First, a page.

Despite what FCC Commissioner Ajit Pai might think, Netflix (NASDAQ: NFLX) says it has never instituted a "fast lane" that interferes with ISPs that are working on caching systems to accelerate content across broadband networks and is actually helping ISPs.
In a letter to Pai, Netflix Global Public Policy Vice President Christopher Libertelli defended the OTT provider's Open Connect program and denied it in any way hampers the ability of ISPs to deliver traffic.
"Open Connect does not prioritize Netflix data," the letter said. "Open Connect uses 'best efforts' Internet services into and out of its content caches. When an ISP asks Netflix to localize an Open Connect cache within its network, it does not disadvantage other Internet content."
Not only that, the letter added, Open Connect "helps ISPs reduce costs and better manage congestion which results in a better internet experience for all end users."
Netflix contended that "only ISPs can speed up or slow down data that flow over their last mile … (and) Netflix data does not travel faster than other Internet content—unless an ISP is artificially constraining capacity to other data sources."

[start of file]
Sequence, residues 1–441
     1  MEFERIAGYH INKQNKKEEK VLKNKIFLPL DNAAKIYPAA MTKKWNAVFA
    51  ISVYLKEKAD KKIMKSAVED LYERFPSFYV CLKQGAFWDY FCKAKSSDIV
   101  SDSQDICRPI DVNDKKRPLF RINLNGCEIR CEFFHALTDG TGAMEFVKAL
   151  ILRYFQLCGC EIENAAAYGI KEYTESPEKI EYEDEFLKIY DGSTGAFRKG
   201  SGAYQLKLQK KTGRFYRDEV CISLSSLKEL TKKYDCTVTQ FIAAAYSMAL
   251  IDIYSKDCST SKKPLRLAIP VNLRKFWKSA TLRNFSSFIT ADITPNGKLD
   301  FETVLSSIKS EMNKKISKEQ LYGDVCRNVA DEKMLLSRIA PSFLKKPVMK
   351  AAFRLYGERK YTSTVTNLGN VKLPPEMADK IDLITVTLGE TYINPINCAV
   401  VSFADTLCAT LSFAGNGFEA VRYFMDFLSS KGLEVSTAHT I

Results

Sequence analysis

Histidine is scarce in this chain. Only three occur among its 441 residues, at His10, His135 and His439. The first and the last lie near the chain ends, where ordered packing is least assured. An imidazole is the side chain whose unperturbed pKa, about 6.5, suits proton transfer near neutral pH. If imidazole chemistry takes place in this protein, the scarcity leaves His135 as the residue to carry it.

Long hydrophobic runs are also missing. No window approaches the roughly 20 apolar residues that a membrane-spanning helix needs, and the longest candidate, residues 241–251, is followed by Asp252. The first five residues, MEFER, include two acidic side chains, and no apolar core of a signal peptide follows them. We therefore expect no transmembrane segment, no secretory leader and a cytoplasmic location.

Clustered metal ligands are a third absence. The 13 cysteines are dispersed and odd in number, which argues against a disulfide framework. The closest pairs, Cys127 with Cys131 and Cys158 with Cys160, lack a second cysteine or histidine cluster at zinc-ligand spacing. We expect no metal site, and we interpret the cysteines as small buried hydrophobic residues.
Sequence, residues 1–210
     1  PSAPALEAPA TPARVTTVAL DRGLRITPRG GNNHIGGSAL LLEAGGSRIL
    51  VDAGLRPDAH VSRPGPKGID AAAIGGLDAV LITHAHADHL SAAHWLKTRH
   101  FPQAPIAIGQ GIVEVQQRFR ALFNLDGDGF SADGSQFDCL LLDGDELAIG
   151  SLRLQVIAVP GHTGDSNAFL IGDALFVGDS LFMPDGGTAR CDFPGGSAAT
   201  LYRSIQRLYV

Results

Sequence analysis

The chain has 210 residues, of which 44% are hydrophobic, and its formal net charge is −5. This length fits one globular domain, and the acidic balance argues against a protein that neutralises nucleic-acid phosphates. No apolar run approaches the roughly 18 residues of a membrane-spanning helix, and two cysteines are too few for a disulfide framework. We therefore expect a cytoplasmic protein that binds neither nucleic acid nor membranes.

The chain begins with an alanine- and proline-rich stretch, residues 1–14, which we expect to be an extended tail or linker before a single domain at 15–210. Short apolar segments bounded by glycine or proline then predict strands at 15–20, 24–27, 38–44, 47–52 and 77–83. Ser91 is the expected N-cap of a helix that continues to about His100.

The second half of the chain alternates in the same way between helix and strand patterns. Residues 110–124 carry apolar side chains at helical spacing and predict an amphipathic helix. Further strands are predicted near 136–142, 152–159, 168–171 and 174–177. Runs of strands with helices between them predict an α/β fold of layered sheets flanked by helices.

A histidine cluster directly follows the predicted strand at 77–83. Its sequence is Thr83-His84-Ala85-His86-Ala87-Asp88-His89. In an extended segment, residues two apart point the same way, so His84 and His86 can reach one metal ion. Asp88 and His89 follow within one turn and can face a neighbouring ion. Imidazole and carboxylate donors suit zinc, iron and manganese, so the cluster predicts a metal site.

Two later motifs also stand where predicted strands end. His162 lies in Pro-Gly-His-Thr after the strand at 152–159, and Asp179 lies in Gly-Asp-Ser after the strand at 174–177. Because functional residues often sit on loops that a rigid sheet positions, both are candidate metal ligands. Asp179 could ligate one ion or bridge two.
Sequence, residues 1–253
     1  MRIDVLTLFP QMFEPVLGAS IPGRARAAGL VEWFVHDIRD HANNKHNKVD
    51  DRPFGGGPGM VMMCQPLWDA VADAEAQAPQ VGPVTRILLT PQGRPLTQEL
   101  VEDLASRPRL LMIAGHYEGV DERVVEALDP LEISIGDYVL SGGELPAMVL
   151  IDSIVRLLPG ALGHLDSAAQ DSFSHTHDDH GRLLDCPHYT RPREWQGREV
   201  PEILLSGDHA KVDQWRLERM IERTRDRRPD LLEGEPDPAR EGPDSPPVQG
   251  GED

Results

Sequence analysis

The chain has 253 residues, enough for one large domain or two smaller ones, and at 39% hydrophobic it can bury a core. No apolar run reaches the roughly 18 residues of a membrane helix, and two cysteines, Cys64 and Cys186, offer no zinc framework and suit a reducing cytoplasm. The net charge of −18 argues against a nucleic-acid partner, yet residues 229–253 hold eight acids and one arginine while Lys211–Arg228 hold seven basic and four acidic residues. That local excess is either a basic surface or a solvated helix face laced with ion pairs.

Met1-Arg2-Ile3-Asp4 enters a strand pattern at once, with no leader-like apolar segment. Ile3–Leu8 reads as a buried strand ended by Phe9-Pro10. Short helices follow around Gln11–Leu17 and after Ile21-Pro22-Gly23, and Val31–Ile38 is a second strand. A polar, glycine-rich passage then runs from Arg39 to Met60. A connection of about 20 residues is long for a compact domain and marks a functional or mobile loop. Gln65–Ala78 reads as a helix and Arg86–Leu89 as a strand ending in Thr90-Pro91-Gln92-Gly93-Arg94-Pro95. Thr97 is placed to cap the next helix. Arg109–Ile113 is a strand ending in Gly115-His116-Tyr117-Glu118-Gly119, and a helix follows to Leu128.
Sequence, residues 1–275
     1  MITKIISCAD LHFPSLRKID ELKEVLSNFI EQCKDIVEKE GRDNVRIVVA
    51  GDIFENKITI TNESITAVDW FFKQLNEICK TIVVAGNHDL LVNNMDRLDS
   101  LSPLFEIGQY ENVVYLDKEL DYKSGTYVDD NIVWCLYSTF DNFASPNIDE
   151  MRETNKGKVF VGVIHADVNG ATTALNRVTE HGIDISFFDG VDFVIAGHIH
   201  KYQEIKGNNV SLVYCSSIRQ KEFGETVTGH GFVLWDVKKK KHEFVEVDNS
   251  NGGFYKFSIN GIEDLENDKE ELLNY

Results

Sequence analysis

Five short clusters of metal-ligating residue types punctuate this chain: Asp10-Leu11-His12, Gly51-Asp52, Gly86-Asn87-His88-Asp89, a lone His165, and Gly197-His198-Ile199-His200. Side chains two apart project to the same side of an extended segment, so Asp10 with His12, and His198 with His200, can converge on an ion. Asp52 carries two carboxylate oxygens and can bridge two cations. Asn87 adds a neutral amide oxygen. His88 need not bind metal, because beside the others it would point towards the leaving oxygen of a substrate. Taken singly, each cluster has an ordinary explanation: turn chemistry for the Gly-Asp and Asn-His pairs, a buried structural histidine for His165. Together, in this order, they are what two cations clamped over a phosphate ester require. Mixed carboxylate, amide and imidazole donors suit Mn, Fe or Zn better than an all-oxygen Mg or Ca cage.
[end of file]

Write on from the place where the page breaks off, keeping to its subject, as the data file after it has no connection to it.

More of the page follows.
The letter also knocked down Pai's contention that Netflix is impeding ISPs from developing open caching systems.
"Netflix has not impeded the use of proxy caches," the letter said.
The controversy arose when Netflix declined to join an industry consortium, The Streaming Video Alliance, aimed at improving streaming technology, an action that drew Pai's attention.
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